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How the PPSR searches the database

If you're searching for an individual or organisation on the PPSR, learn more about how the PPSR treats certain text such as punctuation, noise words and abbreviations.

On this page

This page gives you some details about how the PPSR searches for individual and organisation details on the database. This may help if you're worried about what to include when you’re entering your search criteria for these search types.

Exact match searching

The PPSR uses ‘exact match searching’ for individual and organisation grantor searches. That means it will give you results based on exactly what you type in for your search. You should pay careful attention to the spelling of an individual's name as well as organisation identifiers.

The PPSR won't correct any spelling mistakes besides the details listed on this page. For more information about the type of identifiers you can use or how you can make sure the details are correct before searching see Do an individual search or Do an organisation search.

There are some specific rules about how it treats some types of text to make it easier to find results.

What the PPSR ignores

When entering your search terms, the PPSR ignores:

This means it doesn't matter if you enter these details or not when searching, the PPSR will look for all variations.

Short form and abbreviations

In organisation names, it treats some short forms of words as if they are full words (for example, WA will search for Western Australia and vise versa). See the table below for a full list of these words.

Case

It doesn’t matter whether you enter something in upper case (capital letters) or lower case. For example:

  • abC123 matches abc123 and ABC123
  • BHP Australia matches Bhp Australia and BHP AUSTRALIA.

White space

All white space is ignored. White space is any space or spaces before, after or in the middle of other characters. For example:

  • Jo Anne Smith matches JOANNESMITH
  • King S Land matches KINGSLAND
  • 67 340 179 184 matches 67340179184.

Punctuation in names

All punctuation in names is ignored. Punctuation is any character that’s not a number or a letter. For example:

  • J.O. Brien matches JOBRIEN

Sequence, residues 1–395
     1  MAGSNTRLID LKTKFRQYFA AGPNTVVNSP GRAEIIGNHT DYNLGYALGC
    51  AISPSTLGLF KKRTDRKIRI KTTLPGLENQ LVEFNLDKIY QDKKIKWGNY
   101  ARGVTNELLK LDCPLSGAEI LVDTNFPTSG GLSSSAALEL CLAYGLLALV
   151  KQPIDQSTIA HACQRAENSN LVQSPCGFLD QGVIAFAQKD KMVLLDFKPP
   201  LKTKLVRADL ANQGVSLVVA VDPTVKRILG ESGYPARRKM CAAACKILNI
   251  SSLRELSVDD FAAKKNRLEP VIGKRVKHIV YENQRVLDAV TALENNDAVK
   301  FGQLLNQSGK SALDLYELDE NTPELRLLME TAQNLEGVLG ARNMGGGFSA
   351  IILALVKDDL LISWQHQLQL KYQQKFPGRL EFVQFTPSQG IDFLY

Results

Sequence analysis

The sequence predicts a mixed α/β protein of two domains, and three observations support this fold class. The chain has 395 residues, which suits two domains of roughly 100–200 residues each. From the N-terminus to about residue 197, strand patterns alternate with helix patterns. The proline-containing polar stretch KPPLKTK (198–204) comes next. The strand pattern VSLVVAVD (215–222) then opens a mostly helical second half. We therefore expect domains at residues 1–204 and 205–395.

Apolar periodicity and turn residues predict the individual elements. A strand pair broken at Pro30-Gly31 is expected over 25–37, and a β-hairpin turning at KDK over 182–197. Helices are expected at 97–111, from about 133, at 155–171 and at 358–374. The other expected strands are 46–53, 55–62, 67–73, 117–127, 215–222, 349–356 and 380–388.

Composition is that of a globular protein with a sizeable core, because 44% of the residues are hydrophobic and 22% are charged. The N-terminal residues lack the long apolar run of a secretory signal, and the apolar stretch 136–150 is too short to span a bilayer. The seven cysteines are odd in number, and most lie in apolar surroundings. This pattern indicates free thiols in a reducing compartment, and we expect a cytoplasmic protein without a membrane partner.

• J O’Brien matches JOBRIEN
  • A-BC Const. matches ABCCONST
  • @Home Design matches HOMEDESIGN.

Leading zeros in organisation identifiers

All leading zeros are ignored when you enter an organisation’s:

  • Australian Company Number (ACN)
  • Australian Registered Scheme Number (ARSN)
  • Australian Registered Body Number (ARBN) or
  • Australian Business Number (ABN) although an ABN won't usually start with zeros.

This means it won’t matter if you include zeros that are at the start of the number. For example:

  • 012 610 487 matches 12610487
  • 008630243 matches 8 630 243.

Noise words in organisation names

Noise words are ignored when searching for an organisation name. Noise words are words like ‘the’ and ‘and’. The PPSR only ignores them if they’re whole words – not if they’re part of a word. For example:

  • The Smiths: ‘The’ is ignored
  • Smith and Sons: ‘and’ is ignored
  • Jacaranda: ‘and’ is not ignored.

The full list of noise words is:

  • a
  • an
  • and
  • as
  • Dr
  • Esq
  • for
  • in
  • Jnr
  • Miss
  • Mr
  • Mrs
  • Ms
  • of
  • Prof
  • the

Short forms and abbreviations

There are a few short forms of words that the PPSR treats as being the full word and vise versa. The table below shows these short forms and some common abbreviations.

Full name Short form Full name Short form
assoc assn New South Wales NSW
association assn New Zealand NZ
assocn assn Northern Territory NT
Australia aust number no
Australian aust proprietary P
Australian Capital Territory ACT pty P
co op coop Queensland QLD
co operative coop registered regd
company co saint st
cooperative coop South Australia SA
corporation corp Tasmania TAS
coy co trading T
incorporated inc Victoria VIC
limited L Western Australia WA
ltd L    
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